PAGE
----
The probability of being selected by the IRS for a federal income tax audit this year is going up. Overall audit rates for 2010 were 7.4%. This meant 7 out of 100 tax returns were picked for audit. At the recommendation of the Treasury Department the IRS is updating their relationship databases in March 2012. Their current database system has not been updated since 1998. With the update the IRS will be able to profile tax returns with more sophisticated criteria to ensure that the tax returns picked for audit will generate tax dollars. Good news for them, bad news for those who get audited!
What is a “tax audit”, really? Tax audits fall into two categories. The first category being the full scale audit where you meet face to face with an IRS agent, the “real deal” tax audit that everyone dreads. The second category is known as an unreal audit or paper audit. Basically, you get a letter from the IRS that you under reported income, had math errors, or that you did not file a tax return and the IRS has filed a substituted tax return on your behalf.
Who is going to be picked? This depends on the complexity of the tax return and the amount of adjusted gross income. Tax returns with adjusted gross income of $500,000 to $1 Million had a 2.9% chance for a full scale audit and a 9.4% chance for an unreal audit. On the other end of the scale your odds of being selected for an audit decrease with your income. Tax returns with adjusted gross income of $50,000 to $75,000 had just a 0.7% rate of selection for full scale audit vs.7.1% for unreal audit.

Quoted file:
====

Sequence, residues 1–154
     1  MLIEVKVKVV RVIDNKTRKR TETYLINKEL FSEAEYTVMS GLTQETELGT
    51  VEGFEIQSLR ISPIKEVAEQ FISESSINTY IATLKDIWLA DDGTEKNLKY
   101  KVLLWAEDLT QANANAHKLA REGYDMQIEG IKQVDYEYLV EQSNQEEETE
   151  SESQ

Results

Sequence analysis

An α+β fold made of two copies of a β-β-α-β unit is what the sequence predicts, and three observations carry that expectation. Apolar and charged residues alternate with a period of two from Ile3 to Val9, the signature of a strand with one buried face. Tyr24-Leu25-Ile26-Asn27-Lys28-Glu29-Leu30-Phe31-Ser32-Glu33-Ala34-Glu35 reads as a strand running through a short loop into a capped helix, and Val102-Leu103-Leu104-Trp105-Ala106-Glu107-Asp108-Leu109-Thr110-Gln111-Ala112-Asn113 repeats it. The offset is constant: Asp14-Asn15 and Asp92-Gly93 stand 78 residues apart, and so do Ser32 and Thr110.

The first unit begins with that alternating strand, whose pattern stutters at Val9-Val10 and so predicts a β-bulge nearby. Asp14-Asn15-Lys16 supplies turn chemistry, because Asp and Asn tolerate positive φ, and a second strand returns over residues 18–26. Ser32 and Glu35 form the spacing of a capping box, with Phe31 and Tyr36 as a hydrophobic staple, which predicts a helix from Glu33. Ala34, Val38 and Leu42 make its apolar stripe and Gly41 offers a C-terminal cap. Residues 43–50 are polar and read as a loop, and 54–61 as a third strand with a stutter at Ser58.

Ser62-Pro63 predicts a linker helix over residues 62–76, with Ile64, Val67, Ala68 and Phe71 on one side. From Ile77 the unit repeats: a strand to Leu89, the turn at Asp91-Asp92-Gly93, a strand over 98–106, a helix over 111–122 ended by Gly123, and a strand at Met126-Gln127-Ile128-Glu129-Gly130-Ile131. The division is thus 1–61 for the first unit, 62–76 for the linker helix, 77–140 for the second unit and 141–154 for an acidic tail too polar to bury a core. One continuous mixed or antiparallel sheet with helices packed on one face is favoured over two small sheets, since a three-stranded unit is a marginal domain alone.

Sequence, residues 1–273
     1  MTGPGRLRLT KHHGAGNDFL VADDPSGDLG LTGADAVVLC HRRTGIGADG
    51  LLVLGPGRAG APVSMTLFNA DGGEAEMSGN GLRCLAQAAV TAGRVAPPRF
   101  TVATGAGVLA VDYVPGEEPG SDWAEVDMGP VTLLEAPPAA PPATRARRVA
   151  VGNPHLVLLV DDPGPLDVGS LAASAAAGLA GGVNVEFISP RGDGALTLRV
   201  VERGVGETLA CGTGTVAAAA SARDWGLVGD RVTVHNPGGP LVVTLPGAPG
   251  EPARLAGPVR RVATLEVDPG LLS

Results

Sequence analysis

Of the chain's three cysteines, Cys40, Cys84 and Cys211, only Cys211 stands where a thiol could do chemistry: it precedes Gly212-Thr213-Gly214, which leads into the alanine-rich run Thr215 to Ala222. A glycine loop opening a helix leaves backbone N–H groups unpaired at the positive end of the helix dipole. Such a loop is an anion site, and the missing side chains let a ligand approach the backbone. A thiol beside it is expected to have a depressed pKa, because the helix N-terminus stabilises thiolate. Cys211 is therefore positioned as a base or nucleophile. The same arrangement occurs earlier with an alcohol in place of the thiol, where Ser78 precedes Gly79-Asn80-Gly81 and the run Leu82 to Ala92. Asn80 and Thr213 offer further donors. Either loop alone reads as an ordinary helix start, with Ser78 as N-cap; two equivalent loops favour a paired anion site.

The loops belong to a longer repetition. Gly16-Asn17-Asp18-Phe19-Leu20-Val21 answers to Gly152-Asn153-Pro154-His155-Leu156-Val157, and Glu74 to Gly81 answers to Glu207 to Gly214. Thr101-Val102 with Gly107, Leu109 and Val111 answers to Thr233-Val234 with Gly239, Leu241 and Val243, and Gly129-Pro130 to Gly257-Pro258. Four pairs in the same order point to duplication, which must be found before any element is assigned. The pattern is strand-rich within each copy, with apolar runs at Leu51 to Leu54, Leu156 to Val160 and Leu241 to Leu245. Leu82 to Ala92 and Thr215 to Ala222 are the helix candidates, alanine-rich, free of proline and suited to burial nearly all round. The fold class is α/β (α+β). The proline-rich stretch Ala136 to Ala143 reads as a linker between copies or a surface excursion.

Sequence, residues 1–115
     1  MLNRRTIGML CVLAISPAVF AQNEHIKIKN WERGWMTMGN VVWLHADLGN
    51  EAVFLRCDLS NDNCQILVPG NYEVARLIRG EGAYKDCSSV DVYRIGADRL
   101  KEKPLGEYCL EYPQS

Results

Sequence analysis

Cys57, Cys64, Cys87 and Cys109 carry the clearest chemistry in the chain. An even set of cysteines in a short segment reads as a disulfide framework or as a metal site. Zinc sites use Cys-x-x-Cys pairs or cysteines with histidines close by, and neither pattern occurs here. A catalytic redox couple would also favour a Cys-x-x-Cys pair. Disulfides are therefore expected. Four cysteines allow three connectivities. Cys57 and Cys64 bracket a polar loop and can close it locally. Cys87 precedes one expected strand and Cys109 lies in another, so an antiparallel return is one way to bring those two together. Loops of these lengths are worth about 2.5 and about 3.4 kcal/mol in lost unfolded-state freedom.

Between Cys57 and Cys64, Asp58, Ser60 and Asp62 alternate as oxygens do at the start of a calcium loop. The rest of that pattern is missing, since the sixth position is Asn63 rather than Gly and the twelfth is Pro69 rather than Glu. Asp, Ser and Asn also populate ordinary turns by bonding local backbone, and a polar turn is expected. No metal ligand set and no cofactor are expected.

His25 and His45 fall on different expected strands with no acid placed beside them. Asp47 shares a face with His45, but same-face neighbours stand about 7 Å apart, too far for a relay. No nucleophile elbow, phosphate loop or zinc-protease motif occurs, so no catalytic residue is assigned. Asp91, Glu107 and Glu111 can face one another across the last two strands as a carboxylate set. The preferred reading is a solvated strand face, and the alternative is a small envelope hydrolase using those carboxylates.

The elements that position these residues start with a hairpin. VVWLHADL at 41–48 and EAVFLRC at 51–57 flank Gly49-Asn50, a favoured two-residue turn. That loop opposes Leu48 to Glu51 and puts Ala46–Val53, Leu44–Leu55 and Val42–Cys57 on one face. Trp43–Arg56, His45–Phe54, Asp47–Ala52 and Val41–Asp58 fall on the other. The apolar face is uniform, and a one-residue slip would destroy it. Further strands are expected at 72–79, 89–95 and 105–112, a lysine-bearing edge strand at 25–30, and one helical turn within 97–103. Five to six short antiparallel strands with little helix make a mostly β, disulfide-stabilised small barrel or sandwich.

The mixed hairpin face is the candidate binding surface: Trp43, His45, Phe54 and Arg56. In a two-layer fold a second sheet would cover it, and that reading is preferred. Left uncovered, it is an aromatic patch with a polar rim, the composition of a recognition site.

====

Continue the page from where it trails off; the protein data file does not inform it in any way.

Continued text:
What triggers an audit? Some areas of concern that the IRS is looking at are tax returns with Schedule C an E income. On recent audits, the IRS has discovered that taxpayers were trying to take personal expense as deductions for businesses and rental property. This is not allowed. The NAICS number that is entered on Schedule C, 1120 forms, and 1065’s are tracked by the IRS. Through database analysis the IRS can gauge what your income and deduction ratios should be compared to industry averages.
Who is preparing your taxes? Another part of the database analysis that is rumored to be looked at is your tax preparer. The IRS can see how many tax returns have been completed by the preparer and how they break out by category. For example, if your tax preparer suddenly starts preparing a large number of low income tax returns with all large tax refunds this may be an area of concern.
What can you do? For the most part, audit risk can be reduced by simply verifying financial documentation. Check to make sure the correct social security numbers are reported, all income has been reported, and the math is correct. Of course, also ensuring that all of the correct forms are filed and properly completed is a requirement. It can be complex! From 2000 until 2010 tax law have seen over 4,000 changes. This, on average, is over 400 changes per year that taxpayers have to navigate to prepare tax returns!
The bottom line: the best way to lower your chances of being audited is to have your tax returned prepared by professionals at Fredrick James. We keep up with all of the tax code changes and will ensure that your tax return is accurate and properly filed to keep you out of trouble with the IRS!
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